Brian Sewell (1931-2015)

Way back in the mists of time I used to blog a lot about what annoyed me in the Evening Standard. And one of the things that used to annoy me most in the paper in the 90s and early 2000s was Brian Sewell.

For me, he epitomised that negative streak of conservative thought that seems to claim that everything was brilliant about thirty years ago, but modern life is universally rubbish. Even if Sewell liked the art in a new exhibition in London, he could be sure to be found criticising the way it was lit or presented or sponsored or something. And his constant moanings about the “panjandrums” running the arts world ground my gears.

But over the years I mellowed very much towards him, and pivotal in that was one extraordinary documentary series, “The Naked Pilgrim”. It follows Sewell on the route to carry out a pilgrimage to Santiago de Compostela. It is one of the finest examples of a documentary where you learn more about the historian than the history he is exploring.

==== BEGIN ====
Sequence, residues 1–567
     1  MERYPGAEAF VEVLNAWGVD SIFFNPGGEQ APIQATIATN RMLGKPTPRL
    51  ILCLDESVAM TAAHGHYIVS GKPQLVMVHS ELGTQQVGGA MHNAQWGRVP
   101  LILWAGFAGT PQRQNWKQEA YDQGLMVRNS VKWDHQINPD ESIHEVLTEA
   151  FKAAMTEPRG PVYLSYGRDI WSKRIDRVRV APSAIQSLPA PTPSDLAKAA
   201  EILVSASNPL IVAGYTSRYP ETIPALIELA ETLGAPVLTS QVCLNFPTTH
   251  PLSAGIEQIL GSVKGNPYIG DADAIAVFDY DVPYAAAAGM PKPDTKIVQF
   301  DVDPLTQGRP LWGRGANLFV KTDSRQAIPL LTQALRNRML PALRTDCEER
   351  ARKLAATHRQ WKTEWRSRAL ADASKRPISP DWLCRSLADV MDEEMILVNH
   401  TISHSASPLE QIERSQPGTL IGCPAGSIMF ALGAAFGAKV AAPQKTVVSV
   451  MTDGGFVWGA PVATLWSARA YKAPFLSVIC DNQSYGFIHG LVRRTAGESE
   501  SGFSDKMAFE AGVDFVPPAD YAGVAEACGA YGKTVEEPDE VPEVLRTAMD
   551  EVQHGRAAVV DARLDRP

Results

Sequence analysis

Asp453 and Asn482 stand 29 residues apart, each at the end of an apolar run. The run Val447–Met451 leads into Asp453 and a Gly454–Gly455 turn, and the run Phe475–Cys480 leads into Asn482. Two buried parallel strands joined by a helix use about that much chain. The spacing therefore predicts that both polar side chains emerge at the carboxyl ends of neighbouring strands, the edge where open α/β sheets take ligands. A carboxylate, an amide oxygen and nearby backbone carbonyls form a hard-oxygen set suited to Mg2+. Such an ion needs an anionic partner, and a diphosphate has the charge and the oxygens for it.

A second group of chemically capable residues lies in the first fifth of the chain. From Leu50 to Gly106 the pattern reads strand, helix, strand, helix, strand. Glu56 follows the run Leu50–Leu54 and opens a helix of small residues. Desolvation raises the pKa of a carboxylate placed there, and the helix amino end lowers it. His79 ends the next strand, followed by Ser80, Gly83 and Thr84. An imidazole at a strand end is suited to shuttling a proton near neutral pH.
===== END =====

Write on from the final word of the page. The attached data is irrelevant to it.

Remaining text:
When it was repeated in 2005 I wrote that:

I’ve long been of the view that both Brian Sewell and Tom Baker should be followed by camera crews 24/7 in their final years, in order to preserve their curious late 20th century/early 21st century take on the British eccentric for future generations.

I had an idea which I never quite worked out how to pitch correctly to anyone I worked for, or directly to Sewell, or to an art gallery. Instead of getting those sycophantic audio tour guides you can hire in galleries, you’d get a Brian Sewell guide. When you stood in front of a piece of art, Sewell’s narrative would tell you exactly why it was dreadful and part of the downfall of modern civilisation. Or marvellous, obviously.

Technology has moved on, of course. At the time I thought it would all need to be based on a hideously complex GPS understanding of where the user was in a gallery and what was hung where. Now I just think you would get them to point and “Shazam” the painting with their camera, and then Sewell would tell them what he thought.

Anyway, here’s five minutes with the lovable old curmudgeon. I’ll miss him.